“The Argument from Evil”
a. Cleanthes (natural theologian; this world provides reason for God’s existence)
b. Demea (orthodox believer)
c. Philo (the skeptic)
2. Evil in nature
a. Whole earth is cursed and polluted
b. A perpetual war among all living creatures
c. Necessity, hunger, want stimulate the strong and courageous
d. Fear, anxiety, terror agitate the weak and infirm
e. First entrance into life gives anguish to the new born and to its parent
f. Weakness, impotence, distress attend each state of that life and it is finished in agony and horror
g. Stronger prey on weaker and keep them in perpetual terror and anxiety
h. Weaker in their turn prey upon stronger and vex and molest them w/o relaxation
i. Insects bred on the bodies of each animal, fix stings in him
j. Every animal surrounded with enemies which incessantly seek his misery and destruction
3. Evil in human life
a. While humans can combine to subdue the forces of nature that seek to harm us
b. We construct imaginary enemies, demons of imagination, that haunt us with superstitious terrors and undermine enjoyments of life
i. E.g., Our pleasure becomes in our own minds a crime
4. Man is the greatest enemy of man
a. Society we create to protect us from natural enemies, creates new enemies
b. We mutually torment each other with oppression, injustice, contempt, violence, war, treachery, fraud
5. Internal ills are greater than external ones (from nature, beasts and other men)
a. Torment of disease
b. Disorders of the mind: remorse, shame, anguish, rage, disappointment, anxiety, fear, dejection, despair
6. Other human evils
a. A hospital full of diseases, a prison crowed with malefactors/debtors, field of batted strewn with carcases, nation languishing under tyranny and famine
b. Why do we stay alive if life so wretched? Because we fear death
c. “All the goods united would not make a very happy man, but all the ills united would make a wretch indeed”
7. Is the debate over whether there is more evil than good in human life (or the world) or why there is any evil at all or so much evil?
8. Nature has no concern for happiness of its members
a. No machinery in order merely to give pleasure or ease
i. Sleep? Sex? Taste of food? True, all have a purpose.
b. No fund of pure joy and contentment
i. The spectacular beauty of a fall day?
ii. But what of “racking pains arising from gout, toothaches, rheumatism
c. No indulgence w/o some want or necessity accompanying it
i. Pleasure of eating is accompanied (proceeded) by hunger
9. What there is of this positive nature is overwhelmed by opposite phenomena (negative, evil)
10. HUME’S FAMOUS FORMULATION OF PROBLEM OF EVIL: (150)
a. “How can you Cleanthes still persevere in your anthropomorphism and assert the moral attributes of the Deity, his justice, benevolence, mercy and rectitude to be of the same nature with these virtues in human creatures?”
b. His power, we allow, is infinite; whatever he wills is executed; but neither man nor any other animal is happy; therefore, he does not will their happiness.
c. His wisdom is infinite; he is never mistaken in choosing the means to any end; but the course of nature tends not to human or animal felicity; therefore, it is not established for that purpose.
d. In what respect then do his benevolence and mercy resemble the benevolence and mercy of men?
e. Is he willing to prevent evil, but not able? Then is he impotent. Is he able, but not willing? Then is he malevolent. Is he both able and willing? Whence then is evil?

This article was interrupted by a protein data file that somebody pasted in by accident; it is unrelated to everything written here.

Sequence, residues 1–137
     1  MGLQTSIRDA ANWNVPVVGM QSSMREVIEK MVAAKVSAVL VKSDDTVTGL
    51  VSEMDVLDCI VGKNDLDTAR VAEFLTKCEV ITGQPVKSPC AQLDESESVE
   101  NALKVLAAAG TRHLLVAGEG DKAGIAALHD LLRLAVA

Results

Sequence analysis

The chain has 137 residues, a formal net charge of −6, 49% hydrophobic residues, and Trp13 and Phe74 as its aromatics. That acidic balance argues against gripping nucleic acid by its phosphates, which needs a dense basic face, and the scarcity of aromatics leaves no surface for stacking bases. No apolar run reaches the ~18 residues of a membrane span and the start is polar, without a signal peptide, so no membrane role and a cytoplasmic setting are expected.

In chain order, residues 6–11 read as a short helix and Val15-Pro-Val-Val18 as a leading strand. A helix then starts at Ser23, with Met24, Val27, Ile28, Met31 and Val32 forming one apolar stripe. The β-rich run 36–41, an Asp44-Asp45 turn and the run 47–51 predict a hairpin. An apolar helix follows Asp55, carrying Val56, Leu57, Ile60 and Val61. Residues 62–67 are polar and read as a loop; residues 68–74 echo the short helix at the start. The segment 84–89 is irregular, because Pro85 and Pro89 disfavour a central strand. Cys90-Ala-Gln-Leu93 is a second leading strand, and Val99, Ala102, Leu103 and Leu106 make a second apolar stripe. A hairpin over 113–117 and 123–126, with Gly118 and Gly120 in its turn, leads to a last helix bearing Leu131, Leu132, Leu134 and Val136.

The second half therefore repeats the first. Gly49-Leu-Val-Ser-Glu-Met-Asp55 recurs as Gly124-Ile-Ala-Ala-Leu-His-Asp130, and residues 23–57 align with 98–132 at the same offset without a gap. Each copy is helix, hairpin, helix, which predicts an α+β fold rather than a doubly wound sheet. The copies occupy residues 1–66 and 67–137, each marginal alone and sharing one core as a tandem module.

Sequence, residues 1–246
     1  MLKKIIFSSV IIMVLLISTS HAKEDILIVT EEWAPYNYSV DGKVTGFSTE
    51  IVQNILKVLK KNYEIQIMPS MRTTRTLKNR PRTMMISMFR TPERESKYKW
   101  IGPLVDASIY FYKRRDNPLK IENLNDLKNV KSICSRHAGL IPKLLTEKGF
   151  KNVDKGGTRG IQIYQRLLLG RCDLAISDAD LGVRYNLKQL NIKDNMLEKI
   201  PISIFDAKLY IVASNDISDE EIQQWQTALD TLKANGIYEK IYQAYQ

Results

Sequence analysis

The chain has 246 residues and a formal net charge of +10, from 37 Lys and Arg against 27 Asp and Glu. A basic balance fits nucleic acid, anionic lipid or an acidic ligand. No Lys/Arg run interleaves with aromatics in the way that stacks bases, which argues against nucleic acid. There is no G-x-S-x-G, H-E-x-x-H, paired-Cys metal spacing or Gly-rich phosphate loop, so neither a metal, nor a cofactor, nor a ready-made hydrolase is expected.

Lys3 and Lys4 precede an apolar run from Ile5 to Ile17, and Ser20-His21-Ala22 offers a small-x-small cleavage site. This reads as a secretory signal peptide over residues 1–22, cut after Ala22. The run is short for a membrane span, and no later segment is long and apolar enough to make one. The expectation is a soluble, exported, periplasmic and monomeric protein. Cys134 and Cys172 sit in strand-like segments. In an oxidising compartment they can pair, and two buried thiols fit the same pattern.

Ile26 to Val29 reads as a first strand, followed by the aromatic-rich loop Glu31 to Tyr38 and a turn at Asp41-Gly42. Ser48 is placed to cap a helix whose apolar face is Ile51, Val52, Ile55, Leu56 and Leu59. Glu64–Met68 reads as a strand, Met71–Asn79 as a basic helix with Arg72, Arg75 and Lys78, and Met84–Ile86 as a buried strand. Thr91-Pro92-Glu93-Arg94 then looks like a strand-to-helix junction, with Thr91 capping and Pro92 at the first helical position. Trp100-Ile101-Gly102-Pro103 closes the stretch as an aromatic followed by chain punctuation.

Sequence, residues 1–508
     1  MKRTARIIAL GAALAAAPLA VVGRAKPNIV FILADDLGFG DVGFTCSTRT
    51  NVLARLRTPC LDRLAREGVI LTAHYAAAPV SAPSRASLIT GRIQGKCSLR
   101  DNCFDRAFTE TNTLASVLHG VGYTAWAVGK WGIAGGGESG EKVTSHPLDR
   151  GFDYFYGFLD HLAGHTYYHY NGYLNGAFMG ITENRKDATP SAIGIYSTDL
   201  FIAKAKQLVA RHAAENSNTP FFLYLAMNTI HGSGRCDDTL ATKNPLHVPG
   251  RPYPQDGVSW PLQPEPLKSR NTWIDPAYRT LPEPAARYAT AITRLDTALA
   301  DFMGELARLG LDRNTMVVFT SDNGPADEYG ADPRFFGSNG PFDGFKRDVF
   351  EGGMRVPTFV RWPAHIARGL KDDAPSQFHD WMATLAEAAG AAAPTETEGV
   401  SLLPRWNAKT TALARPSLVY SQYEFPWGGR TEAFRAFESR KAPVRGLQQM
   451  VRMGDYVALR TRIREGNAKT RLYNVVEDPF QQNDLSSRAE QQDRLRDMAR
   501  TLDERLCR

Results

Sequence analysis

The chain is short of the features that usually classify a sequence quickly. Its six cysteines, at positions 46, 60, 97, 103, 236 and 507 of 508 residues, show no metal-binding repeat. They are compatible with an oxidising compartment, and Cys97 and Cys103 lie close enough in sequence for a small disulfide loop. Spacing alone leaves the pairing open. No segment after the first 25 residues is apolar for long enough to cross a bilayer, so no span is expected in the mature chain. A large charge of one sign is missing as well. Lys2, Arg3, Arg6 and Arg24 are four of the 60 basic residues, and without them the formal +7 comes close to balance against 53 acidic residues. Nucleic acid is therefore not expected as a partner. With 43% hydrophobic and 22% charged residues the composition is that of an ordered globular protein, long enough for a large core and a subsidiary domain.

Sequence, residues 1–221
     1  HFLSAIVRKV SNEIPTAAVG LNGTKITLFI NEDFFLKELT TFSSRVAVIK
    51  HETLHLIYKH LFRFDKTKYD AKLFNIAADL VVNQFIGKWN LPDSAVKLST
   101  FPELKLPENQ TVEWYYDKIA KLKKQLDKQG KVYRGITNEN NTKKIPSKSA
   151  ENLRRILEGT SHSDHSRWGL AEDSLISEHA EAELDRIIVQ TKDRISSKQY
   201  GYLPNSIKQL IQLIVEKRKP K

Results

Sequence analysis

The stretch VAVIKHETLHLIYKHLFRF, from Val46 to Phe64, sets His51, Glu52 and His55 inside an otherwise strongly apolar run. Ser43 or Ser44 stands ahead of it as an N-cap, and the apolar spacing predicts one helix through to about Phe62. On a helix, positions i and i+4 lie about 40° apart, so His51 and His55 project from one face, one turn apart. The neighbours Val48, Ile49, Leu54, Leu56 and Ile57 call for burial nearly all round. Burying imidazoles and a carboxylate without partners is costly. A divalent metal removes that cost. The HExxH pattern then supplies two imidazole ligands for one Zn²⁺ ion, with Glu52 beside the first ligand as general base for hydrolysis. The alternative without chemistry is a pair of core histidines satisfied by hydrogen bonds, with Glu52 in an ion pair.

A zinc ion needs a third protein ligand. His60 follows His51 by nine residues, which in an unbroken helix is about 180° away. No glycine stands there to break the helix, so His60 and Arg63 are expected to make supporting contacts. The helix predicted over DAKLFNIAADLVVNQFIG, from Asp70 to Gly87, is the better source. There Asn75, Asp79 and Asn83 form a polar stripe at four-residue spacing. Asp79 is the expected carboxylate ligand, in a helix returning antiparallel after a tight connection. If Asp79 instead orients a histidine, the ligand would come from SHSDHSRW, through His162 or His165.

11. Demea’s proposed solution: A “higher harmony”?
a. “This world is but a point in comparison of the universe; this life but a moment in eternity
b. Present evil phenomena, therefore, are rectified in other regions and in some future period of existence
c. The eyes of men will be opened to larger view and see whole connection of general laws and trace with adoration the benevolence and rectitude of the Deity through all the intricacies of his providence”
12. Cleanthes rejects: This is pure speculation and only a bare possibility we have no real reason to believe on the bases of our experience of the world
13. Cleanthes’ solution: To deny absolutely the misery and wickedness of man
a. Above account of evil in world is exaggerated
b. Melancholy views mostly fictitious
c. Inference contrary to fact and experience
d. Health more common than sickness; pleasure than pain; happiness than misery
e. For one vexation which we meet, we get a hundred enjoyments
14. One of Philo’s responses: Pain much more intense/durable than pleasure
a. Doubtful, that pleasure is more frequent than pain, but even so, pain is much more violent and durable; it persists while enjoyment quickly degenerates
15. Philo: Even if true that happiness exceeds misery, that is of no help; for from a perfect Deity we would expect no misery at all
a. From an infinite power, infinite wisdom, and infinite goodness
b. Expect no evil/misery
c. Why is there misery?
i. Not from intention of Deity as he is perfectly benevolent
ii. Contrary to the Deity’s intentions? but he is almighty!
16. Philo: Even if we allow that pain/misery of man is compatible with an infinitely powerful and good deity that does not help
a. For you (Cleanthes) must prove such a being exists from a world with this pain and misery
b. And not just some, but huge amounts of pain and misery.
c. “There is no view of human life or the condition of mankind from which, without the greatest violence, we can infer the moral attributes or learn that infinite benevolence is conjoined with infinite power and wisdom” in a deity
17. Philo: Only response is to be a complete sceptic
a. These subjects exceed all human capacity of reasoning
b. Our common methods of reasoning can’t be used here
c. Only faith (not reason) can get us to conclusions about such a God